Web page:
There is one of my sons that, if I raised my voice, he would feel crushed. I had another son that – I never did this, by the way – but metaphorically, if I took a two-by-four and just went right across his head and it splintered, he would go like this and go, “Is that all you got?” And they were just so different.
I had one that was super sensitive. I had one that just wasn’t sensitive at all. I had one that needed a lot of personal time. One that doesn’t want to talk deeply all the time. Each one of your children are uniquely made by God with a unique DNA and what my job and your job is is to help them feel deeply, deeply loved and deeply, deeply secure.
I’ve done a lot of research about what helps kids feel secure and loved, but here are eight things that build a relationship with your child where there’s a bond.
Because, here’s what I want you to get. I have been through all this. They are going to have a crash in some area, probably, morally. They are going to have a crash, some of them, in some addiction. They are going to have a crash where they are going to break up with someone. They are going to have a crash where they are super disappointed. They are going to go through all kinds of ups and downs, and here’s the key.
If there’s this bridge that’s built between you and them where they can come, even when they have really blown it, and be honest and share and know that no matter what, you still love them, but also know no matter what, you’re going to be consistent and hold those boundaries and help them learn, here are eight ways to do that.
Number one: express unconditional love. And, by the way, I know we are doing better as a culture, but verbalize that, will you? These big, grown boys of mine. You know how they end every phone conversation still? “Love you, Dad. Love you, Dad.” Tell them. And then model that. Let them know that their performance is not what you value. You value them.
And a lot of that happens with the kind of words that you can say, not just, “You look pretty,” external. Or, “You got good grades,” performance. Or, “You’re a really good athlete.”
“I watched you in the game today, son. I thought the way you responded when they called a foul on you that didn’t happen really impressed me.” Where am I going? See, you want to affirm character. “And, by the way, you had a great game. Twelve points. Way to go.”
Second, scheduled time. This is absolutely critical. Scheduled time. In other words, it doesn’t just happen. Dinnertime. The research is amazing. In fact, there are websites now about the value of eating together. Believers or unbelievers. Eat together. Scheduled time: bedtime.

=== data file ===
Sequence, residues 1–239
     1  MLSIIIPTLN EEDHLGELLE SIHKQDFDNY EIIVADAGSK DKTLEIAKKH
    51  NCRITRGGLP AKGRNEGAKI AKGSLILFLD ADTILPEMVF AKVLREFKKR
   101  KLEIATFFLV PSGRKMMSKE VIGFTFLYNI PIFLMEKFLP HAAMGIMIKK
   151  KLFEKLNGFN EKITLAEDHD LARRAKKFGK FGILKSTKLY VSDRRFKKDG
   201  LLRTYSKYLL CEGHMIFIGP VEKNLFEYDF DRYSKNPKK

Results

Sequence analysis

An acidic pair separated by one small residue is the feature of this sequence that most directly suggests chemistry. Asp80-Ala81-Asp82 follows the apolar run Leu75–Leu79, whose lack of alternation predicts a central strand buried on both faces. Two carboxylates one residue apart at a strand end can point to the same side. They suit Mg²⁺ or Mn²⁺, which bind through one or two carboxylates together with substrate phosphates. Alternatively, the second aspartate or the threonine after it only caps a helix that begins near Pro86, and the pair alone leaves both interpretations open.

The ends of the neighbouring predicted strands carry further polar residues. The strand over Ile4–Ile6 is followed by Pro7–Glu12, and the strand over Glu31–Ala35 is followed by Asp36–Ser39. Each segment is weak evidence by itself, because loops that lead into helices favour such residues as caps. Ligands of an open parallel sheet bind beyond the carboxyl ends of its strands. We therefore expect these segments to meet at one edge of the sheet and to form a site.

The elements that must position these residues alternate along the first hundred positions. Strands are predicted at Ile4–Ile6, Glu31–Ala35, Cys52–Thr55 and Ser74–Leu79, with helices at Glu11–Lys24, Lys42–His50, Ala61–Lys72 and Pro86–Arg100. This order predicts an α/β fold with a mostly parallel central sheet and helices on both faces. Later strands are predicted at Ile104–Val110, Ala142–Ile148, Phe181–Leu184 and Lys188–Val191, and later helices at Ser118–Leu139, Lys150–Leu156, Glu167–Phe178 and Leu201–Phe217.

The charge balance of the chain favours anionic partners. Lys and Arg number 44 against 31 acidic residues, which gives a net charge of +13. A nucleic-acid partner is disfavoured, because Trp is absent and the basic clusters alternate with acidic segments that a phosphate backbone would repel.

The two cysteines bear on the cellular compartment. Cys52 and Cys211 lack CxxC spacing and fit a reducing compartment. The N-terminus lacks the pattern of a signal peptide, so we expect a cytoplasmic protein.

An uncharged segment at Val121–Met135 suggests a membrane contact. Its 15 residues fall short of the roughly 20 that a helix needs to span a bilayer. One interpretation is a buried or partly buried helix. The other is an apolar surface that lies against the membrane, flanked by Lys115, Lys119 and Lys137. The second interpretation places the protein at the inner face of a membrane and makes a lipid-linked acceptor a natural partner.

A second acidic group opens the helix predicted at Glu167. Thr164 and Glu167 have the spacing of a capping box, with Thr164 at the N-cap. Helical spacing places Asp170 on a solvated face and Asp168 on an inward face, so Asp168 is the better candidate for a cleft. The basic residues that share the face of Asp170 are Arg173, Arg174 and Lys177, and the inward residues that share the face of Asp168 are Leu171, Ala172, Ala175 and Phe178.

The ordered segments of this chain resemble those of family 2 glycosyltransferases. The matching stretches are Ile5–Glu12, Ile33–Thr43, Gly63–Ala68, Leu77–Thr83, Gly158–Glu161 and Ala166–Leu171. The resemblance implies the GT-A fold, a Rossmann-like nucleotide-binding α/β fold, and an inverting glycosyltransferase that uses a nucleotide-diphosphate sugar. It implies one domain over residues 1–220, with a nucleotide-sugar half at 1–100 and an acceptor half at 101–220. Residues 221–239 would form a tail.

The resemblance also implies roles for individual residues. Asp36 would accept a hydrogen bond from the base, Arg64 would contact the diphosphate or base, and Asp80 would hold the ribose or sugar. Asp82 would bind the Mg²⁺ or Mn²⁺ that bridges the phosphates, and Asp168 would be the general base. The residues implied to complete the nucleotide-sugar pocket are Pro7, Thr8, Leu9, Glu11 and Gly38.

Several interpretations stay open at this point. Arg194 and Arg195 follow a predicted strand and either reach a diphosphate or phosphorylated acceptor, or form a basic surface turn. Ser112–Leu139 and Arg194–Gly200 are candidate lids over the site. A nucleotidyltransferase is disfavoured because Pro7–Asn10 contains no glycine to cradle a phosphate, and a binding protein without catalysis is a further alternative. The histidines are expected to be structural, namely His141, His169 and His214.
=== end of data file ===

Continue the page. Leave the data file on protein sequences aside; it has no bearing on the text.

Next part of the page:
Scheduled time as they get older. You go out for coffee or a smoothie or whatever you like. Every other week with each kid.
Third, focused attention. No TV, no screens. By the way, when you’re in the car. Don’t let everyone put in headphones and don’t go on a trip and have screens going everywhere. If you want a little bit of that, okay. They can’t get away! They are in the car with you! Maximize it! And it’s okay if they roll their eyes. But talk. Share. Tell stories about your life. Tell them where you have fears. Share your concerns. Create dialogue.
Four is eye contact. It’s just all – it’s powerful. When you talk, look into their eyes. Start very young. Look into their eyes. Let them know that you know that person inside of there really matters.
The fifth is consistent communication. And whether you do that around the dinner table, whether that’s going out on dates with your kids. But consistent communication. Whether that’s texting during the day, whether that’s an email. Or, you want to know what they think? I had my kids read certain books and then I made them do a book report. And I paid them for the book. I wanted to get good things in their mind and I wanted to communicate with them on a regular basis, especially for those of you that travel. Get that FaceTime thing going.
Don’t send the message that you are always busy, busy, busy, busy. Because no matter what you say, no matter how many gifts you bring from your trips, your kids’ heart resonates when they know that you care and you communicate.
Number six is meaningful touching. And this is – there’s a reason why kids love to wrestle. They just love to be next to you. And so, dads especially, as your daughters are reaching adulthood and womanhood, those twelve, thirteen, fourteen and they are coming of age, they need non-sexual hugs from a big, strong man they trust. And that’s you. Meaningful touching. Hugs to those boys.
Seven is have fun together. I know I sound intense, but, man, we had so much fun. We played games together, we played sports together, we did crazy things together. Just have fun together. It’s like oil to the whole family relationship.
And, finally, pray together and pray often. I cannot tell you the power of how God draws our hearts together. If you’re married and not a single parent, this is an important thing for you two to do together. It starts out very uncomfortable but it will change your marriage.
And then do that. And not just perfunctory, “Thank you for the food, amen.” Heartfelt prayers. Pray about problems. Pause when something great happens. “Let’s just thank God right now.” And don’t make it just always at church or around the table. Or, right in the middle of in the car, taking a walk. And, by the way, you don’t have to close your eyes. Did you notice that Jesus looked up to heaven and He prayed? You can pray with eyes open! And just let your kids know that talking with God together is just the normal Christian life.